“Ok Henry. The first thing we have to do is get you stable. You are mentally and emotionally erratic, make drastic decisions, and we have to get that under control. If we don’t, counseling will be useless. We need to get you some kind of medication to stabilize you.” she advised. I thought “Wow! I am impressed. She really knows what she is doing. A take action kind of person.”
“Now, there is one psychiatrist in town. She is a child psychologist but has recently started seeing adults. I have been working with her for years and I know she can prescribe something to help you. I am calling her right now to make you an appointment.” she advised.
“Wow! Taking action! No bull here. I really like this lady! Wait, did she say child psychologist? Is she a former hairdresser too?” I thought.
Her office was in her house. It was a light blue little ranch house just off main street, a couple of blocks from the addiction center. The sign on the front door said “Please Enter”. In the entrance way there was another sign “Please take your shoes and socks off and put on clean socks”. There was a stack of folded white gym socks on a counter. I sat on the bench and did as instructed.
I rang the doorbell, as instructed by yet another sign, and was quickly met by a tall slender women in her late 50s. She was probably 6ft tall and had wild white hair in the style of Einstein or Doc from “Back to the Future”. She had a pleasant face and a nice smile. I followed her back to her office in my new socks. It was very neat and clean. Her diploma from Johns Hopkins University hung on the wall behind her desk. A child’s play station sat on a small table on the far wall.
She asked me to explain my history and what lead up to my being there. I ran through my history and recent events very succinctly. I was getting good at it. When I got to the recent events consisting of suicidal thoughts, the psychiatric hospital, and the diagnosis of bipolar disorder, she tilted her head back with a hearty laugh. Not the reaction I was expecting. “Bipolar people rarely commit suicide.” she said. “OooooKayyyy” I thought, “this is weird”.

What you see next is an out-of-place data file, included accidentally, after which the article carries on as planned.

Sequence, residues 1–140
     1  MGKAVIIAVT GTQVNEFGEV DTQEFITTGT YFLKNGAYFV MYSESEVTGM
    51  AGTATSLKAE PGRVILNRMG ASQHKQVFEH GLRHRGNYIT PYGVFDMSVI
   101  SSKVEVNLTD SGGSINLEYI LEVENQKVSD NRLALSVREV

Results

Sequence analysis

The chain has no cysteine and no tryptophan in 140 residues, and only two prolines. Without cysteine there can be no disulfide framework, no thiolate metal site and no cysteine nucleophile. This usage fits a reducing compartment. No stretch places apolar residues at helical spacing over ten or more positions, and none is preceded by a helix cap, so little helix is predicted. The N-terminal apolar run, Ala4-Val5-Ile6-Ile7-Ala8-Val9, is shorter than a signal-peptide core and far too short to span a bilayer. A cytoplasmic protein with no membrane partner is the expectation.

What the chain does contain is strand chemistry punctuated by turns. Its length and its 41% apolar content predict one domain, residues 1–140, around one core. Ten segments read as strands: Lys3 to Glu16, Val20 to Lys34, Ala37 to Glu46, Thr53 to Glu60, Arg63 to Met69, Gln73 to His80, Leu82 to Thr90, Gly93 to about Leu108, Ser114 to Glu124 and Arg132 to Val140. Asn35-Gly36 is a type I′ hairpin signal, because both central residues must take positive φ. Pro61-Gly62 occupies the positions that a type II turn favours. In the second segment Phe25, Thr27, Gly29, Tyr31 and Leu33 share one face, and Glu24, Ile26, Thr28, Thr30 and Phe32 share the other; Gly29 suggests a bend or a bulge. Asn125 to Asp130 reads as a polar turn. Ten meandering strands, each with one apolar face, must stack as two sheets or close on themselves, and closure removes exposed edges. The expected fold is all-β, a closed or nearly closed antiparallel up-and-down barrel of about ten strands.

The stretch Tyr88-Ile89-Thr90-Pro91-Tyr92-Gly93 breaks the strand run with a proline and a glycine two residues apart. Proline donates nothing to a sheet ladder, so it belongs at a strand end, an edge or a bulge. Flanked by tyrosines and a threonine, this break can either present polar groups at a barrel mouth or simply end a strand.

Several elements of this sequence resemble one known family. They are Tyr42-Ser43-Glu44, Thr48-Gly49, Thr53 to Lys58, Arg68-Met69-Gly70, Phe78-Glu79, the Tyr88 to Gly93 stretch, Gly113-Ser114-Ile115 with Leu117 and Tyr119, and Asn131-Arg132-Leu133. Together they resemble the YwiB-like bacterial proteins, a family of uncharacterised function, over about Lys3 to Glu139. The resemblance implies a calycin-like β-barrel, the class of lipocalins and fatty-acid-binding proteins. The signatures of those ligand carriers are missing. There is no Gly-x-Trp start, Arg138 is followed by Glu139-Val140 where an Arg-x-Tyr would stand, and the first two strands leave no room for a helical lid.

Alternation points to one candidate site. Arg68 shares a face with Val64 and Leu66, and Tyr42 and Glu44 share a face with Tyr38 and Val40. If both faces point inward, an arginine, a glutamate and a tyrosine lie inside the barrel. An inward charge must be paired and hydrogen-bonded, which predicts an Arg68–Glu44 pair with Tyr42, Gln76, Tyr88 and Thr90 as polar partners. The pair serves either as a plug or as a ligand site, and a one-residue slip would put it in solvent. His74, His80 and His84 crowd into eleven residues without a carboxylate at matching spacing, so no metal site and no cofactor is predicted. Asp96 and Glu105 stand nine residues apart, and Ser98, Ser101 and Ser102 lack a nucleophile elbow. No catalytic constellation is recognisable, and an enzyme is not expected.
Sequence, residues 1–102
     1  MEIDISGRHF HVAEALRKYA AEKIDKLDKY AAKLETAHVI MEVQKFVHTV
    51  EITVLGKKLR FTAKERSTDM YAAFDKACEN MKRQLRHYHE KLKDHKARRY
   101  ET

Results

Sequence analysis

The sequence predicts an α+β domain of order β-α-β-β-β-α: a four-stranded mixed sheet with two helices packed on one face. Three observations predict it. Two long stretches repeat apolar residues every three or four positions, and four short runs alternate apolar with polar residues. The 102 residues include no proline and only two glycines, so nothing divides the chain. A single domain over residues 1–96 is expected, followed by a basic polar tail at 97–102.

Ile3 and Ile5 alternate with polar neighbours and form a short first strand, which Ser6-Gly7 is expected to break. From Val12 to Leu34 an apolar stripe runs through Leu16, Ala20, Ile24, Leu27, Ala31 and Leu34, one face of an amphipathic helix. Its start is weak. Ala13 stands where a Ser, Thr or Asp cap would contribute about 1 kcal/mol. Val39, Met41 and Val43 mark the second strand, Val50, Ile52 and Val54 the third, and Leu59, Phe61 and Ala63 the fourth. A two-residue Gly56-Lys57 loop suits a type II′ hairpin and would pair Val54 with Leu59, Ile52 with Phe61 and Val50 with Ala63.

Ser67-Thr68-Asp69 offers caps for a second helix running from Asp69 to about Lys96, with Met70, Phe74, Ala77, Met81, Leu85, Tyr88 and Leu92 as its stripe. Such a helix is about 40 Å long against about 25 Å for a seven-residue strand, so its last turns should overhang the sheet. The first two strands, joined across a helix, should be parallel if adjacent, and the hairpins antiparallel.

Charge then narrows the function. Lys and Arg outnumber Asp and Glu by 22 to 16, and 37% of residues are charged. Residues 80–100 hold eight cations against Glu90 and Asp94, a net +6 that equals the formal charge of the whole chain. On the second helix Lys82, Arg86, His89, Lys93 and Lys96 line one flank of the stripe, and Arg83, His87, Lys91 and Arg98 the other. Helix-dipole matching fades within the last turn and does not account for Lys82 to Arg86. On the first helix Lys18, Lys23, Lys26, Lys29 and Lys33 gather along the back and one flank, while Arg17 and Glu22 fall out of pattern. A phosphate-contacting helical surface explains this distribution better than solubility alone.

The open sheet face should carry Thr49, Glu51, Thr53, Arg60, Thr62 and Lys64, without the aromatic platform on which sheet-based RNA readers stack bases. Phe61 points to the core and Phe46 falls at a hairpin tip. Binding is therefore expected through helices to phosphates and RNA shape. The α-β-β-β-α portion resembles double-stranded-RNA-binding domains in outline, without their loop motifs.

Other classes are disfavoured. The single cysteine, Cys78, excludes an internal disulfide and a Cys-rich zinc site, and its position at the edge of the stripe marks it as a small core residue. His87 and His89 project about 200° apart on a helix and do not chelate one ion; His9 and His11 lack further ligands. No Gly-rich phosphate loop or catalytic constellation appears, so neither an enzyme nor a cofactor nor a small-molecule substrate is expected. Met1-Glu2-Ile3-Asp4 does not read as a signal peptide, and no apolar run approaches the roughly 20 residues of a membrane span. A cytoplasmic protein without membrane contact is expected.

She went on to explain to me how bad alcohol was for you. How it changes the chemistry of your brain. Its technically a poison and will slowly kill you. I politely nodded throughout. Once in awhile I acted surprised, like it was something I’ve not heard before, like it really hit home. I don’t know why I do that. I guess I want people to feel like they are doing a good job. It doesn’t matter what the situation is. Dealing with a psychiatrist or a tool both attendant, I want them to feel valued. Does that make me an asshole? I hope not. It’s not something I do to be condescending. Its just habit.
To drive home the horrors of alcohol, she told me a story. A story to scare me sober, I assume. The story went something like this:
“My husband spent 2 years living with the Inuit people in northern Alaska. There was one couple in particular that he grew familiar with. The husband was well known to be an alcoholic. An angry alcoholic. When he wasn’t drinking he and his wife seemed to have a loving relationship. When he was drinking, their arguments were heard throughout the community. These fights occurred on a regular basis.
One morning the man woke up in a jailcell. When the jailor checked in on him, he knew why he was there and asked the jailor ‘I killed her, didn’t I?’. He had. He shot her with a shot gun in the middle of one their fights. Their last fight. He didn’t remember doing it, but he knew he had without anyone telling him”– As told to me by my child psychologist
I stared at her with large eyes. It truly was a sad and shocking story. She leaned in and said to me in very somber tone “Do you want that to happen to you?”
“No! No! I don’t want that to happen to me!” I exclaimed. “I don’t want to kill an Inuit women in northern Alaska. Or southern Alaska. Not even in Alberta. Or Seattle. Oregon?… well… I will have to think about that. They are kind of pretentious there.” Ok, I didn’t say that exactly but I was a little bewildered and confused.
“Think about this story whenever you want to have a drink. Alright?” she said. I ensured her I would. I thanked her for talking with me, the explanations, the story, and everything I could think of. She wrote a prescription for me and walked me out to the entrance. I changed back into my own smelly socks and shoes. She did have nice socks, I will give her that.